Investors in the troubled fund formerly run by Neil Woodford have been told how much they will receive when it makes its first payout since being suspended in June.
The scandal-hit fund will return between 46p and 59p to investors per share they own. The payout will depend on what kind of shares the investor bought.
The Woodford Equity Income Fund was split into different share classes, some of which had a minimum investment threshold of £150,000.
Link Fund Solutions, which has sold off assets to return cash to investors, said the first payment will hit bank accounts on Thursday.
However, the fund still needs to sell off the remaining 30% of the fund’s assets, a task which is likely to be much harder than selling the more liquid 70%.
Liquid assets, which include shares in publicly traded companies, are easier to sell off quickly without losing money.
Now it falls to investment bank Park Hill to find buyers for shares in companies that are not sold on a stock exchange.
“Selling the liquid holdings was the easy bit,” said Ryan Hughes, the head of active portfolios at AJ Bell, a stockbroker.
“For Park Hill, it is a hugely challenging task to sell the illiquid holdings in a timely fashion and investors still remain in the dark as to how long they will have to wait for the remainder of their money, and importantly, how much they are actually likely to get back.”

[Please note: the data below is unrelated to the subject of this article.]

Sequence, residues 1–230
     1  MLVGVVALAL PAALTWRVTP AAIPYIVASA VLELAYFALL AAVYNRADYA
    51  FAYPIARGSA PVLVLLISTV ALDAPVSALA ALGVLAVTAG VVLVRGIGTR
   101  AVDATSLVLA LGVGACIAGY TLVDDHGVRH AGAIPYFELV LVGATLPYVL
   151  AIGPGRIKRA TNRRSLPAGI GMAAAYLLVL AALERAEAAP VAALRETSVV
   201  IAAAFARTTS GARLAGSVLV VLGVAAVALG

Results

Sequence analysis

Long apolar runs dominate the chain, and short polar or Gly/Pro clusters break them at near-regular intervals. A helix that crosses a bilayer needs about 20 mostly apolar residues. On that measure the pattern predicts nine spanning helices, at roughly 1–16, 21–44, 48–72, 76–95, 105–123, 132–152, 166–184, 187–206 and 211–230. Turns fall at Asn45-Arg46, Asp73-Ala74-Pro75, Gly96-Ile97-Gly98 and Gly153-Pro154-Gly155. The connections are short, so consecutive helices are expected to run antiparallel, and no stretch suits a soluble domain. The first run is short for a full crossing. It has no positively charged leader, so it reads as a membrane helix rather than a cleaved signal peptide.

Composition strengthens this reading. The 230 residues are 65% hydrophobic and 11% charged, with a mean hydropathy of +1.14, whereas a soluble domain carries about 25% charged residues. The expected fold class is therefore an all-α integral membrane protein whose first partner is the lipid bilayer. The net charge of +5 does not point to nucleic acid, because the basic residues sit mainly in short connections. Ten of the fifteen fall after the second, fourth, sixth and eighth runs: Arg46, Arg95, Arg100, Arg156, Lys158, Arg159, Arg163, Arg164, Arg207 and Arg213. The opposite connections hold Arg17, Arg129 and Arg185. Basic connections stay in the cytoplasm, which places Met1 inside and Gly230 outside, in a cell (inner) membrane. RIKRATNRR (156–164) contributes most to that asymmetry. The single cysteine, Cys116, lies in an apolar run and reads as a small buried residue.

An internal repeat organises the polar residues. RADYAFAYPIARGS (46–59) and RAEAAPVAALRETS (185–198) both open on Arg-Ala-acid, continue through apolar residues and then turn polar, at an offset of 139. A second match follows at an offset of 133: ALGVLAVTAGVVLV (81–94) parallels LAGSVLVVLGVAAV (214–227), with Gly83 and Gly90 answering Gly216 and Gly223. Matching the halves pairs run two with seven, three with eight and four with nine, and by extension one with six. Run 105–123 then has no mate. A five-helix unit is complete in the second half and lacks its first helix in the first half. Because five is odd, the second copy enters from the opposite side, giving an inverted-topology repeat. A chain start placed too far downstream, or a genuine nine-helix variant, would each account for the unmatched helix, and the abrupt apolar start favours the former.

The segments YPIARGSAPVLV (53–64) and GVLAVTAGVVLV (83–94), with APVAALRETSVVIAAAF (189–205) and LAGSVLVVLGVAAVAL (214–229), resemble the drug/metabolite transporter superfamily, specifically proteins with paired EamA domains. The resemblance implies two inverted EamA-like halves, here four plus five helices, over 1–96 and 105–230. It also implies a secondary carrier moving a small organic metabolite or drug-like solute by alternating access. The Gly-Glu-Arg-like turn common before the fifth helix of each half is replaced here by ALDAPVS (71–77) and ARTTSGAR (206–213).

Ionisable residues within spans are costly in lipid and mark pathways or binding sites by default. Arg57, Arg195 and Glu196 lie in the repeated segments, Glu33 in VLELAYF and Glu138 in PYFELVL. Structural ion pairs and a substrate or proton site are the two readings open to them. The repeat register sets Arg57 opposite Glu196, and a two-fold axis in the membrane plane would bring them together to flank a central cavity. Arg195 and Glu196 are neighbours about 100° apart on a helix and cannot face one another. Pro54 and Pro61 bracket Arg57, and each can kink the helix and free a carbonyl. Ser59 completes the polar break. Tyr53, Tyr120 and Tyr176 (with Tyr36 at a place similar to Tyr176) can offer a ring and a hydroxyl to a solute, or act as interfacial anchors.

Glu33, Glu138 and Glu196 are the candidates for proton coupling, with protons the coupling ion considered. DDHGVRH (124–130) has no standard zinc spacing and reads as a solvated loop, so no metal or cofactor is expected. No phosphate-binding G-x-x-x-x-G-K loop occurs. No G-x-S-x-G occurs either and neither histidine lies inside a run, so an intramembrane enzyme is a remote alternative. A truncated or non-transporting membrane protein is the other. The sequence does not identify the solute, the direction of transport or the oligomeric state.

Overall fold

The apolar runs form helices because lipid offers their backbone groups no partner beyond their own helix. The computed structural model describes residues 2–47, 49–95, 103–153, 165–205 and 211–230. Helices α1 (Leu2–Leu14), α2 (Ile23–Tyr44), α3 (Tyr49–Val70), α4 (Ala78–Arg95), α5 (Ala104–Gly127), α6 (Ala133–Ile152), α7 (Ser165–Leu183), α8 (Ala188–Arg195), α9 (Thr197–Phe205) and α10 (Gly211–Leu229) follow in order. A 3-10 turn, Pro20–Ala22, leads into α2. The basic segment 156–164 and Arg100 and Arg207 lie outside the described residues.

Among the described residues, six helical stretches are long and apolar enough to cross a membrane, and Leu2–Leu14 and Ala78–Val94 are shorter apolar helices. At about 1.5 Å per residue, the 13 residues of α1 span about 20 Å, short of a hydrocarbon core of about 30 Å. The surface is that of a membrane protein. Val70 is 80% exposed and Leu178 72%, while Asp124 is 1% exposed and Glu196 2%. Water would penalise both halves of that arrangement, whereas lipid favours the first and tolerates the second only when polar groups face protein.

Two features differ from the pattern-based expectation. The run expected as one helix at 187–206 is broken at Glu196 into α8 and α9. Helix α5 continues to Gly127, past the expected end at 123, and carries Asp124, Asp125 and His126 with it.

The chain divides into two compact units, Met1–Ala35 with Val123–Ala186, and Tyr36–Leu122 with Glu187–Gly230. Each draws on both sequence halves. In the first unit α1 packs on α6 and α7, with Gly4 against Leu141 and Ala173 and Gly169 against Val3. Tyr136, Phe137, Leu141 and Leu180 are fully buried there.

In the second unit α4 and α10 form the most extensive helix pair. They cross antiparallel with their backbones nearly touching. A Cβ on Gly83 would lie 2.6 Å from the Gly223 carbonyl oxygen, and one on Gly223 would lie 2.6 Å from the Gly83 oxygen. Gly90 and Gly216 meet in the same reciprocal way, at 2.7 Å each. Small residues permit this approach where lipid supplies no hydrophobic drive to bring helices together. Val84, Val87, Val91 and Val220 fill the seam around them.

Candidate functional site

However, the payout will still be the first that investors see of their cash, and thousands of investors are likely to take some relief when they check their bank accounts.
Link said that some customers, who had used a fund platform to make their investment, might have to wait a few days after Thursday to get their payment.
Karl Midl, the managing director of Link, said: “LFS [Link Fund Solutions] will write to you, under separate cover, with an explanation of how this first capital distribution has been calculated and to provide an update in relation to other matters concerning the winding up of the fund.”
Shadow chancellor John McDonnell reiterated his call for a fully independent inquiry, including the role of the regulator.
“Many small investors who were simply seeking a secure investment for their pension have been hurt by the failure of Woodford,” he said.